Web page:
Paul Pinkerton/Paul’s Kids Vietnam Children’s Charity

Tuesday, January 1, 2008

Paul Pinkerton grew up in central Pennsylvania and in 1969 was drafted to serve in Vietnam. Like many combat vets, Paul returned home from the frontlines of the war bitter as a result of what he had seen and experienced. In particular, he was haunted by the images of dead children from the body counts he had conducted.

Paul channeled his anger and disillusionment into POW/MIA activism after the war. When it became possible for Americans to return to Vietnam, he self-financed private efforts to locate the remains of American soldiers…and he succeeded. A few years ago, the families of five MIAs were able to have burials (of a dog tag, tooth, or bone fragment) as a direct result of Paul’s efforts.

A very modest man, Paul has neither sought nor received any significant publicity for these activities. He’d rather talk about another topic that has consumed his time and energy over the past decade: helping Vietnamese children.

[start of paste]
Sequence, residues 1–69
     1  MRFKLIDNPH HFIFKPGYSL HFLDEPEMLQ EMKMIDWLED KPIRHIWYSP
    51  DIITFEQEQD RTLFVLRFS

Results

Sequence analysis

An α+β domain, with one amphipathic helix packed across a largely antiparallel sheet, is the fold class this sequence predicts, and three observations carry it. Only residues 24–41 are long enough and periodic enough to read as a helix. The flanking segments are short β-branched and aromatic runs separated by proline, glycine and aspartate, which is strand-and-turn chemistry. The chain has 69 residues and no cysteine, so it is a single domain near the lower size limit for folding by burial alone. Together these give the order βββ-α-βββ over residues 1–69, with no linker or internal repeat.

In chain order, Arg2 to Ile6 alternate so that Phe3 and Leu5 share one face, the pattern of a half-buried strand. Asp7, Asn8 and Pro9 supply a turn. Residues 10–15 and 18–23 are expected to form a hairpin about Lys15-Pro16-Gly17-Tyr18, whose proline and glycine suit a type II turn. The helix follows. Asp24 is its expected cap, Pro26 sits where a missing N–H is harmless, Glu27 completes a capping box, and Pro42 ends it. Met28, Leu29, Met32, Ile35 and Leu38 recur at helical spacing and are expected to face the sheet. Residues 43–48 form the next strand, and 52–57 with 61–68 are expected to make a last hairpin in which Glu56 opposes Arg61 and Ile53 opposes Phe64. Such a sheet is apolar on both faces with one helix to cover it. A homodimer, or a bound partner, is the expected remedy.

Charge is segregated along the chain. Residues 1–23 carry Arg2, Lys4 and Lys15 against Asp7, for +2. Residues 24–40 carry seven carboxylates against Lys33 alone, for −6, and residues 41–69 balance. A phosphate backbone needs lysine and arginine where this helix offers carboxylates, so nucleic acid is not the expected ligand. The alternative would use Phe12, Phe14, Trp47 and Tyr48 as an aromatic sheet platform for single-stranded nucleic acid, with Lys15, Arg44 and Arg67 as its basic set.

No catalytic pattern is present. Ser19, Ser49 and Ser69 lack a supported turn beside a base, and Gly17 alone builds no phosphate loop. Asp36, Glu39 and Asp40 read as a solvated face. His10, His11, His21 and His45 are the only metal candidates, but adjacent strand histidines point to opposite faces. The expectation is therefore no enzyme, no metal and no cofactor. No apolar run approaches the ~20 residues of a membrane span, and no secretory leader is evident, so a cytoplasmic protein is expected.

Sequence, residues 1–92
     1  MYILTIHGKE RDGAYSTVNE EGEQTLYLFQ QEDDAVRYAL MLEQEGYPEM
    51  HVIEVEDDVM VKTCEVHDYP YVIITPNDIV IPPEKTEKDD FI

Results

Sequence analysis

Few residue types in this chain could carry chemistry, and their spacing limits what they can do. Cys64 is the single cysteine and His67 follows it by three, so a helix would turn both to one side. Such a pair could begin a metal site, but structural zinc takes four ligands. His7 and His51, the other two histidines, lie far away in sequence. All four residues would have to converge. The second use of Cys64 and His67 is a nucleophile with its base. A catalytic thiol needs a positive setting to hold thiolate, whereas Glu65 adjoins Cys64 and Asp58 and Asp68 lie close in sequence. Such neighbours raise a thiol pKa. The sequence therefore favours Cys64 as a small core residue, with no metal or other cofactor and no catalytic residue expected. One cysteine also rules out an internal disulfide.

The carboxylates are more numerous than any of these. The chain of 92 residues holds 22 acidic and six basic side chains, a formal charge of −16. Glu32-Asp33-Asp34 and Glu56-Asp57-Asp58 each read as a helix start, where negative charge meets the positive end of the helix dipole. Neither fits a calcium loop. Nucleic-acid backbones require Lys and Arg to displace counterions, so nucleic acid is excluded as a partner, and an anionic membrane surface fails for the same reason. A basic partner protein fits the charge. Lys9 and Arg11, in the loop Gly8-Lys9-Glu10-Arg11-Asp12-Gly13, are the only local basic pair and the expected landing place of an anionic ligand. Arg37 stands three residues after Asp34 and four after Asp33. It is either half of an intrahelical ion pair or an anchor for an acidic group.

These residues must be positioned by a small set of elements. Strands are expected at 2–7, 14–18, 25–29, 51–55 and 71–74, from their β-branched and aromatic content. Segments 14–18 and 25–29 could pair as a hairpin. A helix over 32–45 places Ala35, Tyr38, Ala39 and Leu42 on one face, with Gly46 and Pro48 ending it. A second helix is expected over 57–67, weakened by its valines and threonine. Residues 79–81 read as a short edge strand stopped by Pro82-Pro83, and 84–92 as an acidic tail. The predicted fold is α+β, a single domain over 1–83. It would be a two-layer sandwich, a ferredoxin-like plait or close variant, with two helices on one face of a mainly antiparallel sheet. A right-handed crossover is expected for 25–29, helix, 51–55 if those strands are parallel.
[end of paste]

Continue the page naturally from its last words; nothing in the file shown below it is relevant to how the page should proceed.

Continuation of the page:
Along with his wife Sandy, Paul has adopted three children from Vietnam, two of whom Vietnamese doctors said wouldn’t survive. Today, all three are healthy, highly energetic, and happy. Paul is a devoted father, and describes his children as “his salvation.” And in addition to their commitment to their own children, Paul and Sandy have long been committed to helping needy children in Vietnam.

During a trip to Vietnam in 2004, over bowls of pho and some cold 333s in a Saigon café, Paul, Sandy, and their tripmates made plans to establish, upon their return to the States, a formal charity to continue and expand on their work. But those plans went on the shelf when, within a week of his return to the U.S., Paul was diagnosed with malignant and aggressive prostate cancer-a condition almost certainly caused or accelerated by his exposure to Agent Orange during the Vietnam War.

A little over two years later, with lots of support from Sandy, his family, and many friends, Paul has bravely and fiercely battled his cancer and his current health is generally good. Sandy has decided it’s time to return to the plans they tabled in 2004 and formally establish a charity to improve the well-being of kids in Vietnamese orphanages–with a particular emphasis on those who are less likely to be adopted.

More information about Paul and Paul’s Kids is available.

2007 April